Mastering Basic Cheesemaking is currently only available for Kindle, but there will be a print edition coming out later this year. I have to admit, at first I was a bit skeptical of how well a book like this would work on a smaller device like an iPhone (where many people do their ebook reading these days), but it’s actually pretty nice to be able to prop your phone on your stove or above your kitchen counter and follow along with the steps, swipe by swipe (just don’t drop it in the whey!). And for just $5.99, you’ll be hard pressed to find this much information at such a great price anywhere else. Via Amazon

Mastering Basic Cheesemaking: The Fun and Fundamentals of Making Cheese at Home (Kindle Edition)

Step into the cheese kitchen of a master cheesemaker and award winning author (Mastering Artisan Cheesemaking) for one-on-one lessons that will take you from complete novice to accomplished home cheesemaker - one cheese at a time. Each lesson builds your skills and knowledge by introducing a new cheesemaking practice, tools, and experience. Each chapter is devoted to a group of cheeses that are closely related, yet add complexity in a fashion that allows the reader to truly develop a deep understanding and appreciation of cheese and cheesemaking. 

If you want to really grasp the cheesemaking process, not simply recreate a variety of recipes or lightly delve into the topic, then this is the book for you! 

Get your Kindle copy here

anonymous asked:

Do you like being a line cook?

Some days I do, some days I don’t. But honestly, who loves their job all or even most of the time? 

My work stories are funnier and crazier than anyone else I know. Only as a cook can I greet a coworker by humping them, or tell someone I had their mom for dinner last night and not get smacked. In no other industry have I kept on working while a cooler was on a fire 10 feet away (friday night rush, one guy put it out and the rest of us kept going.) But, there’s also no other industry that expects so much, or pushes you so hard. You’ll cut and burn yourself every week, and you’ll be sore all the time. You won’t have a life on the weekends because you’ll always be at work. Your weekend drinking will be a shift drink with your coworkers at 3 am on Friday and Saturday. You’ll close at 2 am and open the next morning at 7. You’ll get really good at running on 5 hours of sleep with a hangover and probably no food. You’ll make amazing food for anyone every day of the week but you’ll feed yourself drive through more often than you want.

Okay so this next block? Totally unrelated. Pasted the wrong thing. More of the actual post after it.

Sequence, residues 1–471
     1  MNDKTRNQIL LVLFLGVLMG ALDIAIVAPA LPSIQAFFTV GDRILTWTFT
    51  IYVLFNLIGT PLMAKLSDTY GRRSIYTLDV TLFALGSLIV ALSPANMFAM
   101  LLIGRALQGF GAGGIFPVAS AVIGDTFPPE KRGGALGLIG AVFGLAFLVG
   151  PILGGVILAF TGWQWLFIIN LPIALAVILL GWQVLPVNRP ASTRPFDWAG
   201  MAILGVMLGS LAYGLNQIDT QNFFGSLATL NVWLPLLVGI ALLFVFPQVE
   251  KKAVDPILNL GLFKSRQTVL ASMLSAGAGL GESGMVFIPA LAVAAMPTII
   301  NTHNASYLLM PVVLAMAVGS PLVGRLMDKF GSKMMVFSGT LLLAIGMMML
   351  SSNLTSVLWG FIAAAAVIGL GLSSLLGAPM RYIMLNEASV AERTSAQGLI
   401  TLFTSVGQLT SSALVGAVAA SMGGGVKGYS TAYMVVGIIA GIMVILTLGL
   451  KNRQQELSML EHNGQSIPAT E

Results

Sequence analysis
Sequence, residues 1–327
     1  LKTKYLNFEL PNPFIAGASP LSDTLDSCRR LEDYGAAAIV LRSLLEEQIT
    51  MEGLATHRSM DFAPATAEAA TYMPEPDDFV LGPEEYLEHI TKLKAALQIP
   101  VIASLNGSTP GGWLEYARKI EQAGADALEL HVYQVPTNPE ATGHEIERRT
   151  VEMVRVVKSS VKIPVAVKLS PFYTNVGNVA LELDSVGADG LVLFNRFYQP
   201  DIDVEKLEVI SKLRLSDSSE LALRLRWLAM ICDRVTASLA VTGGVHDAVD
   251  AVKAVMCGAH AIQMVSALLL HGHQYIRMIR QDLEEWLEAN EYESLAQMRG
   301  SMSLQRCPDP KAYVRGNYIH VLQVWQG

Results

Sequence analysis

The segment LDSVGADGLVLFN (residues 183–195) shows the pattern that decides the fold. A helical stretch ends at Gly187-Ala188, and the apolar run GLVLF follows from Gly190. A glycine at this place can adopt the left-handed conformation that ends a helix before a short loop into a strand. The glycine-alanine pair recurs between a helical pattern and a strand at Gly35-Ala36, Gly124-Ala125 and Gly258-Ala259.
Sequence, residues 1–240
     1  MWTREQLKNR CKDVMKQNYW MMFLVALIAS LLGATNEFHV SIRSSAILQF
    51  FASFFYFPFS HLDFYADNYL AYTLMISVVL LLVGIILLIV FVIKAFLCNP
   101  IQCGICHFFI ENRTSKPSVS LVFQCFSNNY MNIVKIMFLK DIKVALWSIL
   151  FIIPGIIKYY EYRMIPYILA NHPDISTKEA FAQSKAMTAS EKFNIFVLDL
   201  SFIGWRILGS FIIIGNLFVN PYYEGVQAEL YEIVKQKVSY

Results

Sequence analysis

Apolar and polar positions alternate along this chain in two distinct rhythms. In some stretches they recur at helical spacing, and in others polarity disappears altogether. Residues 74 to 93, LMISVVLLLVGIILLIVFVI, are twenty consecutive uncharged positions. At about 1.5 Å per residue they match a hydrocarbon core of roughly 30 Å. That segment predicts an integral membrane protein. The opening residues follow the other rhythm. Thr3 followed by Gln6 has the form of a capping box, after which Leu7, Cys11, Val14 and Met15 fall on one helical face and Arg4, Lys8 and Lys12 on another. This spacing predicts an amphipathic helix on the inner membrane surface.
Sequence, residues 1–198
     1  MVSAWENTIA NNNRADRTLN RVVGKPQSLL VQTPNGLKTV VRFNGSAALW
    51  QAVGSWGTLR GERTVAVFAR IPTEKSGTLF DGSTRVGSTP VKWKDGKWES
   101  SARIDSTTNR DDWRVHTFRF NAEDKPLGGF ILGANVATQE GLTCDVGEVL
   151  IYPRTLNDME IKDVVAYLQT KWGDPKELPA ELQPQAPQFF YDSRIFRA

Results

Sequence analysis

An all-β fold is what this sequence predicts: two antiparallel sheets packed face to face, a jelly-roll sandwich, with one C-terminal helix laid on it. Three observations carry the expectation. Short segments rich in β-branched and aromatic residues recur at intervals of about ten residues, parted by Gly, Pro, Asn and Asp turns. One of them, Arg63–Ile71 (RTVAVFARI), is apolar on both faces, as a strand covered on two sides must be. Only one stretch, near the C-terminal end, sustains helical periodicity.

So make of that what you will. For some people that’s ideal, it’s a new adventure every day. For some people, that’s awful. At one point of my life I loved it, but honestly, I’m getting too worn down. I need a stable schedule and I’m finding that’s harder and harder to get working in kitchens, plus I’ve got some health issues to settle. But I’ll always love it. 

Civil War Hardtack Crackers

Two pieces of Civil War-era hardtack—a simple type of biscuit made of flour and water—exhibit a remarkable long-lasting quality, one of the reasons that foodstuff became a dietary staple for the Union army. 

The cracker on the right, however, reveals one of the drawbacks of hardtack—if you look closely you can see that a bug has embedded itself in the upper right hand hole. Hardtack had a propensity for harboring insects; for this reason soldiers referred to the crackers as “worm castles.” Though jokes were made about the extra protein that the insects provided, soldiers often dunked the crackers in hot coffee to drive out the bugs. Hot liquid would also soften the often stale hardtack making it easier to eat. A steady diet of these crackers could lead to digestive problems among the troops—though soldiers believed that eating hardtack charred by fire would be an effective antidote for diarrhea.

The Confederacy did not manufacture hardtack

Confederate soldiers often ate whatever pieces they found on captured or dead soldiers. These particular crackers had been issued to prisoners-of-war J. G. and Thomas G. Penn of the 10th Virginia Cavalry upon their release from prison at Point Lookout, Maryland. The pair had been incarcerated after being captured by Sheridan’s cavalry near Five Forks in Dinwiddie County, Virginia, on April 3, 1865.

Some recipes omit shortening

2 cups of flour
½ to ¾ cup water
1 tablespoon of Crisco or vegetable fat
6 pinches of salt

Preheat oven to 400 degrees F.

Mix the ingredients together into a stiff dough, knead several times, and spread the dough out flat to a thickness of ¼ inch on a non-greased cookie sheet.

Using a pizza cutter or a knife, cut dough into 3-inch cracker squares. With the flat end of a bamboo skewer, punch four rows of holes, four holes per row, into each cracker.

Bake for 30 minutes. Remove from oven, turn crackers over on the sheet and return to the oven and bake another 30 minutes. Cool completely.

Civil War Era Oatmeal Pie

During the Civil War, since pecans were in short supply in the South, oatmeal was substituted for the traditional pecan pie 

The history of oatmeal pie is difficult to verify.  Its thought that this pie originated during or around the Civil War, in Charleston, South Carolina. That would mean it is an idea that has been around since the 1860′s or close to that time. 



  1. Preheat oven to 350°F.
  2. Beat eggs until frothy.
  3. Combine sugar, flour, cinnamon and salt in a small bowl.
  4. Add eggs; mix well.
  5. Add corn syrup, melted butter, and vanilla.
  6. Mix oatmeal.
  7. Pour into uncooked shell.
  8. Bake for 45 minutes.